They want to use all their negotiation power for how much money they’re going to be receiving. If you feel like you’re not getting compensated how you should, you absolutely should advocate for yourself and try to negotiate that amount. But what I look for and I think is the most important to negotiate is sometimes it’s the non-compete clause. That’s the first thing that I would probably negotiate. Because a lot of people don’t think about the non-compete clause until their contract ends. And you can negotiate a couple of different parts of the non-compete clause. Normally, it starts with how long does the non-compete? Is it enforceable? Once your contract terminates, your non-compete will start. It’s anywhere from one to three years I’ve seen on a contract. I would never want anything over 12 months. I would push for 12 months or six months, honestly, but most people are going to agree to 12 months.
What Kind of Benefits is Expected?
A brand-new physician’s assistant can expect to receive some benefits from their employer, but they may not be able to negotiate the entire array of benefits that they may get with more experience. That said, even new PAs should not shy away from asking for some of the following benefits.
Health Insurance Coverage
A basic structure of the American healthcare system is that the vast majority of employees are covered by an insurance plan offered through their employer. This employer-based healthcare system is something that physician assistants are well-aware of, and it is something that they need to adapt to in order to make sure they have the coverage that they require to protect their health.
Depending on where they work, some PAs may have the chance to get heavily discounted healthcare programs because they can receive many of the services that they require directly at the facility where they work. That is something worth looking into more deeply as you scan your contract.
Retirement Plan (401k)
The median amount of money that the average American has saved in their 401(k) retirement plan is just $33,472 according to an analysis by investment house Vanguard. This is disturbing because it means that most people are not saving nearly enough toward their eventual retirement. It is also something that should motivate every physician assistant to make sure they have a 401(k) plan included in their contract. After all, no one should count on programs such as Social Security to bail them out if they don’t save enough for retirement.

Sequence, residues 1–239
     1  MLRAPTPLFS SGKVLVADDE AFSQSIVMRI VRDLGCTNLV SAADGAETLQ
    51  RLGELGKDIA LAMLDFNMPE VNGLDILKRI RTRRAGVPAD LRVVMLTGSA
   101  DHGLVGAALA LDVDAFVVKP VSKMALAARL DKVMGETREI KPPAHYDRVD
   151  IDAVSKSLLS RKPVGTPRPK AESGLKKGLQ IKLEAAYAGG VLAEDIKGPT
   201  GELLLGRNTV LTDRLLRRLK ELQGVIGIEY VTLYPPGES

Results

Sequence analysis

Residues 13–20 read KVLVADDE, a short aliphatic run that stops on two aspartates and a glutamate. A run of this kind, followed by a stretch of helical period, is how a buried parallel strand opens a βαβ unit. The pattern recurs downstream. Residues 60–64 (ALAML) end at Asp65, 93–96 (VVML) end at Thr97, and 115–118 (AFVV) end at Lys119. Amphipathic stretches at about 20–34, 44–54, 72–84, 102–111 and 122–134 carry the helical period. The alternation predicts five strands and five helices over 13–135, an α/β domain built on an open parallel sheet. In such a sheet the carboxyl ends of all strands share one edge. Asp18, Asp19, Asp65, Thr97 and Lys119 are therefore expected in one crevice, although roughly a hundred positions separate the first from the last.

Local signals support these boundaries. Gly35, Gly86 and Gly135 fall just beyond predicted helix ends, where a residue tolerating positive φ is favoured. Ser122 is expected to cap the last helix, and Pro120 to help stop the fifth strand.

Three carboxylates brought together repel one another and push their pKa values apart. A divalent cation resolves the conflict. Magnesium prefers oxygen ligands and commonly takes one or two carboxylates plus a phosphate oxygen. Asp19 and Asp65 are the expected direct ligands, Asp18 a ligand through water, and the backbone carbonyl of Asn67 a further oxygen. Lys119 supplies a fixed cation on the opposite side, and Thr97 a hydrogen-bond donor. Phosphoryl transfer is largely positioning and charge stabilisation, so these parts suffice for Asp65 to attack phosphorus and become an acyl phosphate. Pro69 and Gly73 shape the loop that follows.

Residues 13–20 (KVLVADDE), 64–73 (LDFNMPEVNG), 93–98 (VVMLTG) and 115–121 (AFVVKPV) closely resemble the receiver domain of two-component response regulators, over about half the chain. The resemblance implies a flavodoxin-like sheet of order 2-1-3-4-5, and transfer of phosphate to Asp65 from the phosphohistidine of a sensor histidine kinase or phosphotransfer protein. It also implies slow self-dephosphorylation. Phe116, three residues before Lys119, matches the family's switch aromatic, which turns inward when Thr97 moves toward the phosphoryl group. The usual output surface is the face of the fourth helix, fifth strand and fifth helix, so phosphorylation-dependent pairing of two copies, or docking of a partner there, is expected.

A variety of options should be available to every employee who wants to put money away in their 401(k) program. This means that physician’s assistants need to look into the depths of the 401(k) plan that is offered to them so they can figure out if it is indeed a quality program that they can rely upon.
Paid Time Off (PTO)
No matter who you are or what you have going on in your life, you will need to take some time off from work in order to recharge your internal batteries. Taking some paid time off (PTO) allows you to do so without worrying about missing out on a paycheck. That is one of the biggest concerns that people have when they take some time for themselves, and it shouldn’t have to be this way. Employees should be able to enjoy their freedom to take a break from the day-to-day work that they do in order to enjoy some time for themselves.
PTO should be a demand made even by those who are brand-new PAs. There is no reason not to be able to enjoy at least some time off throughout the course of the year. The standard is to allow for at least 2 weeks of PTO per year, ideally more.
Consultation with Chelle Law
When your Physician Assistant agreement is reviewed by a contract review attorney, you will find financial benefits which end up outweighing the cost of the review. Leave it to the experts. If you are in need of assistance with an employment agreement or contract review schedule a Physician Assistant Contract Lawyer with Chelle Law today!